A wonderful plant to get children interested in nature, writes Jillian Macready, is Himalayan balsam (Impatiens glandulifera) as the seed heads explode on touch when they are ready to disperse. However, this makes it a major weed problem, invading gardens and allotments but especially riverbanks and waste ground which don’t attract gardeners dedicated to spotting it before it gets out of hand. Some river catchments have acres and acres of nothing but HB and it is a serious problem for councils, water companies and the Environment Agency.
The plant is pretty and its helmet-shaped pink flowers are much loved by bees but each plant has the ability to produce 800 seeds and when the seed head explodes, its load is carried downstream in the water to infect other parts of the river.
It is also a fast growing annual, quickly getting to 10 ft in the right conditions and tolerant of shade and difficult areas so it can grow anywhere, shading out the natural vegetation. They and other non-native invasive plants displace native species and detrimentally affect the ecology of many vulnerable habitats. Its huge hollow stems and fleshy leaves are mostly water, so in the winter it dies down to nothing, leaving bare river banks which are then able to wash into the river with the first heavy rain.
This isn’t the only plant the Victorians brought to Britain as they were avid plant collectors from all round the world, but they had no idea of the damage some of these plant would wreak. Some £2bn of tax payers’ money is spent each year reducing some of the non-native invasive species which have naturalised here. HB is relatively easy to remove as it can be pulled easily with bare hands but others such as Giant Hogweed (pictured) can cause serious skin irritations, rash and sensitivity to sunlight if touched and Japanese knotweed is virtually impossible to irradiate with weed killer. Luckily Japanese Knotweed has not been reported in Bury St Edmunds but it is in parts of East Anglia.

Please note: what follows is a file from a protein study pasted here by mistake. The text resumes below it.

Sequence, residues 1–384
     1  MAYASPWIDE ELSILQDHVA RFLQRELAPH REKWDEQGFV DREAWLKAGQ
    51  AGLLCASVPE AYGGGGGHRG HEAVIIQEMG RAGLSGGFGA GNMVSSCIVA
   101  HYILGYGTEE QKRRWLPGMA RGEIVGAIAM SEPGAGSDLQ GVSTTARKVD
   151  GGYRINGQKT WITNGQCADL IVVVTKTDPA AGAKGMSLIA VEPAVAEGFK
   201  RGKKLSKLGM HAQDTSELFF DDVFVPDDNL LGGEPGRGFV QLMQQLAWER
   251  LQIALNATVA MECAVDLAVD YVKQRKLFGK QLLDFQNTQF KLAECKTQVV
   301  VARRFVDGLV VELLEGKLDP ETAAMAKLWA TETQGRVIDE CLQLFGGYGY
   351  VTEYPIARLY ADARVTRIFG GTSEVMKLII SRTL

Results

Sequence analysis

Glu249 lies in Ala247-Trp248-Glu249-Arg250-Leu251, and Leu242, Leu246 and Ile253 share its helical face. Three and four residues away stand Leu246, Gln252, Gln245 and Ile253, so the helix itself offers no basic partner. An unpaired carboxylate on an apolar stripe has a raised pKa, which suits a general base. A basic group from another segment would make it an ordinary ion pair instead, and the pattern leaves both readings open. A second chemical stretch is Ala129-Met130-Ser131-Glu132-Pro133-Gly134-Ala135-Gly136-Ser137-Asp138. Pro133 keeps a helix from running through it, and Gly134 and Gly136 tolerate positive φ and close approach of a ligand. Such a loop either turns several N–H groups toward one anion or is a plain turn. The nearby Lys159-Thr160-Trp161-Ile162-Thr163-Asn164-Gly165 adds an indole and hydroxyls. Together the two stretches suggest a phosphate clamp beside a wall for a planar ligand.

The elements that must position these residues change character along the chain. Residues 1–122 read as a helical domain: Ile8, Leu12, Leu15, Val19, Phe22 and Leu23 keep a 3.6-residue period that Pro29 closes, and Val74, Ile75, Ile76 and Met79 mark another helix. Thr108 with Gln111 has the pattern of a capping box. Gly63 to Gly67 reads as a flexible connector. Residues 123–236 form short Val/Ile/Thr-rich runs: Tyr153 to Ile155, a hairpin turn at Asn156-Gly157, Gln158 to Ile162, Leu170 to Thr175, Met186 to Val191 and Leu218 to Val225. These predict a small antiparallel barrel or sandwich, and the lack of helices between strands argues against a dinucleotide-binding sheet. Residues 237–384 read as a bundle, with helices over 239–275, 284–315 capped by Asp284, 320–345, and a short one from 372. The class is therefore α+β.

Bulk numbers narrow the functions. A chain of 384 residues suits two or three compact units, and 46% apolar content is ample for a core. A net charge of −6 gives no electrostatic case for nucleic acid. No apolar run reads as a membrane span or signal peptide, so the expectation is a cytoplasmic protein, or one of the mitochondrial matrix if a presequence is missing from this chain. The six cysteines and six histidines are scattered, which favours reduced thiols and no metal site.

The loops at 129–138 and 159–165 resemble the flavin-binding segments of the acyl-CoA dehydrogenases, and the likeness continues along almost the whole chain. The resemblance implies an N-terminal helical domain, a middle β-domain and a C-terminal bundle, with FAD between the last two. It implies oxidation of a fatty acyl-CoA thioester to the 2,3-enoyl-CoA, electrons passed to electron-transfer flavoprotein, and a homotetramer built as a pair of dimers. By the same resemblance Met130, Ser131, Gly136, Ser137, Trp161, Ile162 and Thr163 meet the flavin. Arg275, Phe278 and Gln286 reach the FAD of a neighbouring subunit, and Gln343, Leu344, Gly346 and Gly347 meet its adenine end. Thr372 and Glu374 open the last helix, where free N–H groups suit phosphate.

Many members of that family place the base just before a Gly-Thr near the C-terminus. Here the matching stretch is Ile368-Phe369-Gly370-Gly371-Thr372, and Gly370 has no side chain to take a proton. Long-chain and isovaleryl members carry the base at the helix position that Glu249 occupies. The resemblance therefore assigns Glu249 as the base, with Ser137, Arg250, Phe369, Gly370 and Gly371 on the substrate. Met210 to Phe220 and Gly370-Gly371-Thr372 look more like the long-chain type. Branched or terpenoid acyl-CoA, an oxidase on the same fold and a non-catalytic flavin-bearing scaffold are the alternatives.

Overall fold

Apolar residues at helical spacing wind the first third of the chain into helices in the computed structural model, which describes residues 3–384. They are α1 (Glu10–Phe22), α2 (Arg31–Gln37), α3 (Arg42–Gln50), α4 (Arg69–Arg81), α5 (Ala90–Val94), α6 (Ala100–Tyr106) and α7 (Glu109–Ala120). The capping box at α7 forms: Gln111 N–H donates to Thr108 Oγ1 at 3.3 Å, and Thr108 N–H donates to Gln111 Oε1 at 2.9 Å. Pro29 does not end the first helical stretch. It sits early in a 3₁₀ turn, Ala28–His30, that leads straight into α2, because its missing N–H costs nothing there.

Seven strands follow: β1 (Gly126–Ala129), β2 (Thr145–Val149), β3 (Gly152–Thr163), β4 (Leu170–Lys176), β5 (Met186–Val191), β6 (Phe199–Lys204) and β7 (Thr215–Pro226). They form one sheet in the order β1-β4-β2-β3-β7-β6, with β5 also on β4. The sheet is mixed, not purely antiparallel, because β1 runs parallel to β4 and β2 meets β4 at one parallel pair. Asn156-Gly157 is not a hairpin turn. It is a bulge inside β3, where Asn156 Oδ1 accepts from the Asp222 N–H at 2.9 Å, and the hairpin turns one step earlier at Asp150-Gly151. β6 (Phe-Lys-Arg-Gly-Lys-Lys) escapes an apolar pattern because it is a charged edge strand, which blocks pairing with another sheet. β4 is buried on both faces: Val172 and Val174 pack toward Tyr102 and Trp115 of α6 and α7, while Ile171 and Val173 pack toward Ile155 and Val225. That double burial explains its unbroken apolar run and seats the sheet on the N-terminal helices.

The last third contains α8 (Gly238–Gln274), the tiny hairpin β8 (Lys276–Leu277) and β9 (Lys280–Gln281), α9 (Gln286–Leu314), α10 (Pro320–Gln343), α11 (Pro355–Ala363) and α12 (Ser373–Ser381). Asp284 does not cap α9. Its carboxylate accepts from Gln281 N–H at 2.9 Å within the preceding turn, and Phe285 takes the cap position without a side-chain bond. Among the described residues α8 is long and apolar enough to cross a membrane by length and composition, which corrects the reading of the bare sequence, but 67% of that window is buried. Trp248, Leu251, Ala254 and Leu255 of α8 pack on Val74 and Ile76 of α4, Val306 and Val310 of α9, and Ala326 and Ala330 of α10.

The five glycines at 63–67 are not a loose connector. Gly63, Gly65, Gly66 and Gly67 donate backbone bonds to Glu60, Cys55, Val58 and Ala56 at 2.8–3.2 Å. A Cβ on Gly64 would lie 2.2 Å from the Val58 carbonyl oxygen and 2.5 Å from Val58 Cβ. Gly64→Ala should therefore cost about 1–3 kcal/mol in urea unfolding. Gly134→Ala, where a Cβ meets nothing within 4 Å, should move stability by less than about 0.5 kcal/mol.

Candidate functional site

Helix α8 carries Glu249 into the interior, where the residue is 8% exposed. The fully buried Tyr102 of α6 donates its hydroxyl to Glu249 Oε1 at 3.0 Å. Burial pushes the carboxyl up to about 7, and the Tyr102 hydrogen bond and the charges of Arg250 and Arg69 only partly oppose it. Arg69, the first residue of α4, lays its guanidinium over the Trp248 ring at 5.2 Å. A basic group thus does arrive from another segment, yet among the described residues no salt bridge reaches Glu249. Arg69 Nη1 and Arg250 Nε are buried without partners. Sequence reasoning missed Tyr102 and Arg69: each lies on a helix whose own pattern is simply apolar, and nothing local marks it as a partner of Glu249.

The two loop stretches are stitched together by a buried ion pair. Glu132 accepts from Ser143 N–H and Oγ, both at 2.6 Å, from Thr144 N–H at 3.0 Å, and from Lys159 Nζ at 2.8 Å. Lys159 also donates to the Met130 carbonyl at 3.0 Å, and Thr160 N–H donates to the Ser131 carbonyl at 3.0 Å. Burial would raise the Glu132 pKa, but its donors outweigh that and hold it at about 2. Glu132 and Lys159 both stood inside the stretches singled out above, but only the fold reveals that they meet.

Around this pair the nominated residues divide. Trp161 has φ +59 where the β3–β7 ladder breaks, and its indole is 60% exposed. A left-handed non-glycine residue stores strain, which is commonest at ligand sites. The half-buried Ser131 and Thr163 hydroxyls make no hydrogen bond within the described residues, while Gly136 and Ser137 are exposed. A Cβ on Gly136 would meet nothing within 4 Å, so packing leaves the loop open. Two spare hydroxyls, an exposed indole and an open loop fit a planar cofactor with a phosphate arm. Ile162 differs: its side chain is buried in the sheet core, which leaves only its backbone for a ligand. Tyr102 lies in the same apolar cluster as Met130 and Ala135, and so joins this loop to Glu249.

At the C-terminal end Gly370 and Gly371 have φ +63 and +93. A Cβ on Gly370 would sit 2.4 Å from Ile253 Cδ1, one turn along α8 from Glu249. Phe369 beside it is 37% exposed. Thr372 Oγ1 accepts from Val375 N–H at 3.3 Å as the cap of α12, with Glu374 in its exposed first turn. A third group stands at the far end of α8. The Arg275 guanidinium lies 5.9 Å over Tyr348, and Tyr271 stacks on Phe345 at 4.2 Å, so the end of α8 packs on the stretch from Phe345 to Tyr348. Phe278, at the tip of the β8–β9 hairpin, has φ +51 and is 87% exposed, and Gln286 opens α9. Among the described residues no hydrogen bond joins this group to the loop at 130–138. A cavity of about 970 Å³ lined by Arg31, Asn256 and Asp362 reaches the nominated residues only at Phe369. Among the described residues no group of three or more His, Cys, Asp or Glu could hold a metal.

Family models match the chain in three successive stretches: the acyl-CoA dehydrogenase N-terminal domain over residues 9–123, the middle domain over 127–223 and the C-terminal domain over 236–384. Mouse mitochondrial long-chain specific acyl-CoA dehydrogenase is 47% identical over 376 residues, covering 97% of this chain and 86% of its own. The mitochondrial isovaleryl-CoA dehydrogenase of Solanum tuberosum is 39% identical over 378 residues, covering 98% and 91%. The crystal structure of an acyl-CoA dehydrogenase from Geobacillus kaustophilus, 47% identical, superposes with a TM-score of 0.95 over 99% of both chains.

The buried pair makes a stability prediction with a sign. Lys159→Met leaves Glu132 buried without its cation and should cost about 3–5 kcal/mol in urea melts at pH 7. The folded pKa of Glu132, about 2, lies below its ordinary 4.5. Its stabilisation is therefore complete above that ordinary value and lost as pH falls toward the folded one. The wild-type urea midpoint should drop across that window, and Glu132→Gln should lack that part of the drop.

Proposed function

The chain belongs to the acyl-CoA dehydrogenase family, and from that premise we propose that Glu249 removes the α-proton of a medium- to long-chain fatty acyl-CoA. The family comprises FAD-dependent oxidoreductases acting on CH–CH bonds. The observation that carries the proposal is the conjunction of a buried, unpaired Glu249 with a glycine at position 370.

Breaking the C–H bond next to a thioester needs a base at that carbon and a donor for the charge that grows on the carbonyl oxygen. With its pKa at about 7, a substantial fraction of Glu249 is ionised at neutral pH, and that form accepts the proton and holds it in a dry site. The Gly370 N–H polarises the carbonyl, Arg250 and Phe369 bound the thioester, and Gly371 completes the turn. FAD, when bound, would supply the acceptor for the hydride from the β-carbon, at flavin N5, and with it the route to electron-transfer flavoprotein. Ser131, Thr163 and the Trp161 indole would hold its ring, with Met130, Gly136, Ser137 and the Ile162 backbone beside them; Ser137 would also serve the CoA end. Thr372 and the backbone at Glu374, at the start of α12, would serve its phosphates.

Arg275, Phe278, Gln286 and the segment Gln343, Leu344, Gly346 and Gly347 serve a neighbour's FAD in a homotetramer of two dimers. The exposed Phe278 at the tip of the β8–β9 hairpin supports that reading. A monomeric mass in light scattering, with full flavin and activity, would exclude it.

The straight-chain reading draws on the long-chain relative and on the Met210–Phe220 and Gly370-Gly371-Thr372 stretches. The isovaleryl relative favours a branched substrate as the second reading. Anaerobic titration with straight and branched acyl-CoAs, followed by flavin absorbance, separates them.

We do have some Giant Hogweed (Heracleum mantegazzianum) in the River Linnet in Bury St Edmunds but the council is aware of it and has a programme of irradiation. It’s worth familiarising yourself with it so that you don’t touch it by mistake as it can be mistaken for the harmless and very beneficial native Hogweed or cow parsley to which it is related and which must not be removed. It has thick bristly stems that are often blotched purple unlike hogweed or cow parsley and is twice the size once it flowers. It’s biennial so has a rosette of jagged lobed leaves in the first year and then sends up an enormous hogweed-like flower spike of white flowers the following year.
The EA and other bodies have joined forces to help combat the spread of the UK’s most problematic invasive non-native plant species by coming up with Plant tracker. The first step in tackling this problem is accurately determining where the plants might be and they need our help with this. Plant tracker is also an App for Iphones and Androids so you can notify the Agency while you are out walking.
Speak to us if you don’t know how to use the website or App or report it to us if you see Giant Hogweed or Japanese Knotweed. A successful “Balsam bashing” work party was carried out recently, with another on Sunday 23rd July in the areas of the Linnet which we didn’t manage to check. If you want to join us next time, please get in contact here. Also, don’t forget the workshop coming up later in August.